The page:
Staging such procedures is common. One example is revascularization of the left common carotid artery and/or the left subclavian artery from the innominate artery or the right common carotid artery to allow treatment of a thoracic aortic aneurysm that encroaches proximally into the aortic arch. These "extra-anatomic bypasses" can be performed without an invasive thoracotomy. Continued design improvement in stent graft including branched endografts will reduce but not eliminate this category of surgery.
Endovascular procedures aim to reduce the morbidity and mortality of treating arterial disease in a patient population that is increasingly older and less fit than when major open repairs were developed and popularized. Even in the early days, significant risks were accepted in the understanding that the large open operation was the only option. That is not the case in most patients today.
Studies that assign aneurysm patients to treatment with EVAR or traditional open surgery have uniformly demonstrated fewer early complications with the minimally-invasive approach. Some studies have also observed a lower mortality rate with EVAR. The reduction in death, however, does not persist long-term. After a few years the survival after repair is similar with EVAR or open surgery. This observation may be the result of durability problems with early endografts, with a corresponding need for additional procedures to repair endoleaks and other device-related issues. Newer, improved technology may reduce the need for such secondary procedures. If so, the results of EVAR may improve to the point where long-term survival benefit becomes evident.
The complications of EVAR can be divided into those that are related to the repair procedure and those related to the endograft device. For example, a myocardial infarction that occurs immediately after the repair is normally related to the procedure and not the device. By contrast, the development of an endoleak from degeneration of endograft fabric would be a device-related complication.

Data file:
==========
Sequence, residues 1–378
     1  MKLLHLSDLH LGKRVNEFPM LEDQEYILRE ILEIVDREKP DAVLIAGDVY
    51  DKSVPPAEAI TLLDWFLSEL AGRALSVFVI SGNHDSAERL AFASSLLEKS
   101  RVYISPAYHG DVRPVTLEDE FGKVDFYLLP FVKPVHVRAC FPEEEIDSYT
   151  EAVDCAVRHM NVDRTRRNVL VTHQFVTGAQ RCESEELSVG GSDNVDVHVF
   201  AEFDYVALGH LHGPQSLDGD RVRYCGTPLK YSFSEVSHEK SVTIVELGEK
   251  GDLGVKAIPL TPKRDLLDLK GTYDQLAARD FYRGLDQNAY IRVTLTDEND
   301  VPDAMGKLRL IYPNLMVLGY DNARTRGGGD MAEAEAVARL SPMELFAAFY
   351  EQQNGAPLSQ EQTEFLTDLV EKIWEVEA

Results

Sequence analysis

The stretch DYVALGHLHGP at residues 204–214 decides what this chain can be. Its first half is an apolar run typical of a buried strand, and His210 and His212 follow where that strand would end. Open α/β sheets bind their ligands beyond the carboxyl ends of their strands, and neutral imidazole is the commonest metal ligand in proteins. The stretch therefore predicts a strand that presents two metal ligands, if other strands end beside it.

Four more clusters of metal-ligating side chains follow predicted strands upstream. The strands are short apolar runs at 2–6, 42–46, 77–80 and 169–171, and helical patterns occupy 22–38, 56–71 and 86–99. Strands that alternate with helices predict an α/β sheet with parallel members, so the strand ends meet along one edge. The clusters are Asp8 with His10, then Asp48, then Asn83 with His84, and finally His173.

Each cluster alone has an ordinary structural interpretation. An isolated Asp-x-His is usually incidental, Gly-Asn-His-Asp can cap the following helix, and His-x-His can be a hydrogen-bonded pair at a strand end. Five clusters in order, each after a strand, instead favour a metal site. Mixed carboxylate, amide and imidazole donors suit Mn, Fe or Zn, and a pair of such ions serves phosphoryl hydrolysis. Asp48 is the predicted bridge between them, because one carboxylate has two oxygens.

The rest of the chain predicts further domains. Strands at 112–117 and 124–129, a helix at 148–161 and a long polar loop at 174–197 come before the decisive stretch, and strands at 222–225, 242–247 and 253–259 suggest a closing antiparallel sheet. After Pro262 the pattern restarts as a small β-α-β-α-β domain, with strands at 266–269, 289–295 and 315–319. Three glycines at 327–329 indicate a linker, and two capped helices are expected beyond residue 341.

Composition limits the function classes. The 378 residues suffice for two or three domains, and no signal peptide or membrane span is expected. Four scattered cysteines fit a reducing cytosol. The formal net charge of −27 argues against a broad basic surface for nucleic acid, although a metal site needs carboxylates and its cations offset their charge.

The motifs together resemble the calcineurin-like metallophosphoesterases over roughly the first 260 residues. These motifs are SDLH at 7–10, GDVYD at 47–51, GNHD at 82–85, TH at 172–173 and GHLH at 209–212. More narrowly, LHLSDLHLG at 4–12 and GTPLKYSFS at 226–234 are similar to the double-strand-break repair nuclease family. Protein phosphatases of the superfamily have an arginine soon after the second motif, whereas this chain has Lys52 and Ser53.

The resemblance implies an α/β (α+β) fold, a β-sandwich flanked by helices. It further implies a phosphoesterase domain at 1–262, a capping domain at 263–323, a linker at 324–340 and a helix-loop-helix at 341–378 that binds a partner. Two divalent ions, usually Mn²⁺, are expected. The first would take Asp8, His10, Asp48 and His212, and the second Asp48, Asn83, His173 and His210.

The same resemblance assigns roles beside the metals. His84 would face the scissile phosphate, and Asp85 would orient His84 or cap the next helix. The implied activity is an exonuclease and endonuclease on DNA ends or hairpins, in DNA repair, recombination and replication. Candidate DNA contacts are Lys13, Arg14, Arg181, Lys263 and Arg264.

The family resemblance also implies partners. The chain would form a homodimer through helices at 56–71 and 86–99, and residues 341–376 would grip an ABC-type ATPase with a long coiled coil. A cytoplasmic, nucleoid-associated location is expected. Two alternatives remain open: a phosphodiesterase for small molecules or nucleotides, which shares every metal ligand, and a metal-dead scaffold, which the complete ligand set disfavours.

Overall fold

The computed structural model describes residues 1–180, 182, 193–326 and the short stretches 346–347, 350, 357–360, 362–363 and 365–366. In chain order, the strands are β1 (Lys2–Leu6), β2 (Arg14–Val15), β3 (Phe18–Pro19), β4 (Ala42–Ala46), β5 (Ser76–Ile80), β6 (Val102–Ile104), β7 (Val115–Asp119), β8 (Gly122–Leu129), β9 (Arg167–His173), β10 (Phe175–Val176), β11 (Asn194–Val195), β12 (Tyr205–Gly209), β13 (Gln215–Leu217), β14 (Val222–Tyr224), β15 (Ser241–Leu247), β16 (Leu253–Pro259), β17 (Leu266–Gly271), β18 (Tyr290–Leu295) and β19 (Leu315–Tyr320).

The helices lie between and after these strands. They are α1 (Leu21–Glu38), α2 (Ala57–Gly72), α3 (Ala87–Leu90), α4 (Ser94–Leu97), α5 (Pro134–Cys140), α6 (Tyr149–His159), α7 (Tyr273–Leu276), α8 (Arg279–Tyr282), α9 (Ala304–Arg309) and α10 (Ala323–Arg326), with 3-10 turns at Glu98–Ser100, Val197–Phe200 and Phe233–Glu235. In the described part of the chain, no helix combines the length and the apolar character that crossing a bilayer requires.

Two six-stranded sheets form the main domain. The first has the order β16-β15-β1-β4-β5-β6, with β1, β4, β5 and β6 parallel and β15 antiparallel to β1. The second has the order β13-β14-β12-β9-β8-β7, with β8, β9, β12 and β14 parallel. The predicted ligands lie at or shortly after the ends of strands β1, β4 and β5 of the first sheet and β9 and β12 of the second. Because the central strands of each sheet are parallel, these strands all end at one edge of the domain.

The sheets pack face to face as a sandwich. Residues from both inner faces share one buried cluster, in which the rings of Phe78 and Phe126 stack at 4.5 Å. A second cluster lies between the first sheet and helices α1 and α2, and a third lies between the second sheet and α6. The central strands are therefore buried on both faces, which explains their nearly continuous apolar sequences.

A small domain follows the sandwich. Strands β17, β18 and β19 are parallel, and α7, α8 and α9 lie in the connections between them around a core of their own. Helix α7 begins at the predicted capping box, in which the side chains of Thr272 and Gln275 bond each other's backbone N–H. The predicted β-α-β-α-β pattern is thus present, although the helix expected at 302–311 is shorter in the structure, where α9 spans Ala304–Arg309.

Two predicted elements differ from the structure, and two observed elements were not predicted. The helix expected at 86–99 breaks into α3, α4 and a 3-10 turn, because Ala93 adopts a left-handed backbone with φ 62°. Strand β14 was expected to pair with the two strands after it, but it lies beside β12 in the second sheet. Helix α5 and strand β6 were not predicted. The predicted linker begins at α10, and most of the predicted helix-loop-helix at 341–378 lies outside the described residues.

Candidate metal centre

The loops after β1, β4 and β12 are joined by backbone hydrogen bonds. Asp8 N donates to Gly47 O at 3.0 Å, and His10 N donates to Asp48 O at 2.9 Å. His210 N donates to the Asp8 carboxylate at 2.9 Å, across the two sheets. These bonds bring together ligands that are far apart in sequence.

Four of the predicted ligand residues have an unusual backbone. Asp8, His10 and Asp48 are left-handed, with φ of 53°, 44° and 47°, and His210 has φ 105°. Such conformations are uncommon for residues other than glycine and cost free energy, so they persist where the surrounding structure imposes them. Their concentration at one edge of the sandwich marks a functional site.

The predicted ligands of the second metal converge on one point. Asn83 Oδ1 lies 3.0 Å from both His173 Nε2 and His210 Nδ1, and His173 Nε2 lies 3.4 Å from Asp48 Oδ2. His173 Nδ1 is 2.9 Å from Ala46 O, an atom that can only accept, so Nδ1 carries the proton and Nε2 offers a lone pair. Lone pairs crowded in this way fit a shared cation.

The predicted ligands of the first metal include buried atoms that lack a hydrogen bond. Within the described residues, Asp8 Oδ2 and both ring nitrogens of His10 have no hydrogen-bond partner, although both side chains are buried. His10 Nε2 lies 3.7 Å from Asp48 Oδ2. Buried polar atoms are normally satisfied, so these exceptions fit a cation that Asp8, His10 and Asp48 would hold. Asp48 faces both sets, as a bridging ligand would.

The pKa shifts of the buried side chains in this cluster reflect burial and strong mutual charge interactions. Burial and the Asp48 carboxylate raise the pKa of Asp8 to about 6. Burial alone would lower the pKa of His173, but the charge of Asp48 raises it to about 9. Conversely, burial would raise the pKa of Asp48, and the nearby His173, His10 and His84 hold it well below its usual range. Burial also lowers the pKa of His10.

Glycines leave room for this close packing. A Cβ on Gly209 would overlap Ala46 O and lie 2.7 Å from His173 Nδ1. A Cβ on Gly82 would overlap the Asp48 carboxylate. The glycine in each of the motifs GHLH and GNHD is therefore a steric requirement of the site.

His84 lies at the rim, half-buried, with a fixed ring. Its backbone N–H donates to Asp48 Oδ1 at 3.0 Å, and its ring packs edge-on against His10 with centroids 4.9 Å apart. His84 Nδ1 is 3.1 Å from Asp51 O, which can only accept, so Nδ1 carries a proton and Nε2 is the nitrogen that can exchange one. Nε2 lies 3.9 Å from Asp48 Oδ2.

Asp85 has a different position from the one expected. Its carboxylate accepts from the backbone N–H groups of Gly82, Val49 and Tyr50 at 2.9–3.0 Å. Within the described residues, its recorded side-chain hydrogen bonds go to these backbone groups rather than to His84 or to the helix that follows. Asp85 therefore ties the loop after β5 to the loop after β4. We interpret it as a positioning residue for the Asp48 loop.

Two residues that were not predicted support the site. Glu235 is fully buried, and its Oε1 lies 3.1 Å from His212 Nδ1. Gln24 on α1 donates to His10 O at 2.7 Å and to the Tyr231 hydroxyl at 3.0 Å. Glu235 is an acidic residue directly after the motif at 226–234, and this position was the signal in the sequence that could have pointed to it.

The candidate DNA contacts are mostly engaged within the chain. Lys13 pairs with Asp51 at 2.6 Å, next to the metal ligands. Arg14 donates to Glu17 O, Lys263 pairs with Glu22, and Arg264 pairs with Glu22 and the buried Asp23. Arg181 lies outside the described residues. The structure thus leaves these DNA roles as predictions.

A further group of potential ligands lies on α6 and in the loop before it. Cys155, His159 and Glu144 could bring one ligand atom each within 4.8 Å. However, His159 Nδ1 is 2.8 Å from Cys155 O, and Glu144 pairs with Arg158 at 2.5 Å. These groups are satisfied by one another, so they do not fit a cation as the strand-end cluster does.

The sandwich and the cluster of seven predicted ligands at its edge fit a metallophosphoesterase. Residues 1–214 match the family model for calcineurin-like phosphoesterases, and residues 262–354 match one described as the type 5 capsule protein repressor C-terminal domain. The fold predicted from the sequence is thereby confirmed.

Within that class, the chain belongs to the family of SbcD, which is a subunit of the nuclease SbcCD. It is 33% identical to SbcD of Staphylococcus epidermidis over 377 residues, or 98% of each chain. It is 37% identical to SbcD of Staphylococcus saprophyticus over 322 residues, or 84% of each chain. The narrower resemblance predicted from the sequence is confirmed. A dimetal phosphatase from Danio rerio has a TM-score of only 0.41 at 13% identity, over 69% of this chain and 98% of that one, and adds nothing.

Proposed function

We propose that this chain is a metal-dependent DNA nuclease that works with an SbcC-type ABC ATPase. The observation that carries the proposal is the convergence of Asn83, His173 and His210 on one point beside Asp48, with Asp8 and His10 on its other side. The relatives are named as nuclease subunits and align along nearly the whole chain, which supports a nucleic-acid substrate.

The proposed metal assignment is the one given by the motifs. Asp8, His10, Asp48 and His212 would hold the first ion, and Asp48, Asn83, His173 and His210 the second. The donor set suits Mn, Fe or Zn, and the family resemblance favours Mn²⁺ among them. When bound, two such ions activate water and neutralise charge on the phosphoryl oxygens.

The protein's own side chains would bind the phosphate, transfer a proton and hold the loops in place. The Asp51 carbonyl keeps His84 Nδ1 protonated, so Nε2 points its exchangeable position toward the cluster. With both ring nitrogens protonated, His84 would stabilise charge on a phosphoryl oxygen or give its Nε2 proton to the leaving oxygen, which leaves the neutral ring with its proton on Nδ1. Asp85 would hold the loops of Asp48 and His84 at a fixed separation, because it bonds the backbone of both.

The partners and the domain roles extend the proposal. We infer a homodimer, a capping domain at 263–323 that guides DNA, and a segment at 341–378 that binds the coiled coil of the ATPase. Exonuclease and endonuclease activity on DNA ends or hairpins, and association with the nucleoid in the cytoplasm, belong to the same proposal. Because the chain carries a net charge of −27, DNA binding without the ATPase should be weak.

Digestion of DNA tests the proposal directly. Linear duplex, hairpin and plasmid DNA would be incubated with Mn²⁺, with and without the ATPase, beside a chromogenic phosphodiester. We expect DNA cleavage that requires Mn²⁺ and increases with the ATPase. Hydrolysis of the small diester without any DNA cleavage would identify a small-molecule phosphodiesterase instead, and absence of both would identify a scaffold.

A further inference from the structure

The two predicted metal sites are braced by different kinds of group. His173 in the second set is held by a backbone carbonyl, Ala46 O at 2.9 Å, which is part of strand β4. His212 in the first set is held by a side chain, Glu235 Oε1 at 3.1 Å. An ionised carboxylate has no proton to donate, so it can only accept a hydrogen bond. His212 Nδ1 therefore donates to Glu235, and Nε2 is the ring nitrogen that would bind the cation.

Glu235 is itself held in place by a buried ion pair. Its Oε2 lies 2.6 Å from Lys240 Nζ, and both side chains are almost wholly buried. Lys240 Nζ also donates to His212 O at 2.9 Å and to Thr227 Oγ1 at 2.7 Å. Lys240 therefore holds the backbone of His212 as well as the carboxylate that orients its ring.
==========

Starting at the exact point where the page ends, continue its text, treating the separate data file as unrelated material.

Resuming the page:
Standard EVAR involves a surgical cut-down on either the femoral or iliac arteries, with the creation of a 4–6 cm incision. Like many surgical procedures, EVAR has advanced to a more minimally invasive technique, by accessing the femoral arteries "percutaneously". In percutaneous EVAR (PEVAR), small, sub-centimeter incisions are made over the femoral artery, and endovascular techniques are used to place the device over a wire.
In certain occasions, a specially designed custom-made graft device ("endograft"), which has holes (fenestrations) on the graft body to maintain the patency of the visceral arteries, is used for the procedure, which is called FEVAR (fenestrated endovascular aortic/aneurysm repair). When the aneurysm begins at close to the renal arteries, standard EVAR may be contraindicated since there will be an inadequate length of suitable aorta for the endograft attachment. In these cases a fenestrated endograft may be useful, where the attachment of the endograft to the aorta may be placed above the renal arteries with each fenestration opposite a renal artery so that blood flow to the kidneys is maintained. Fenestrated EVAR has been in use in the United Kingdom for over a decade and nation-wide early results have been published in the journal Circulation in Jun 2012.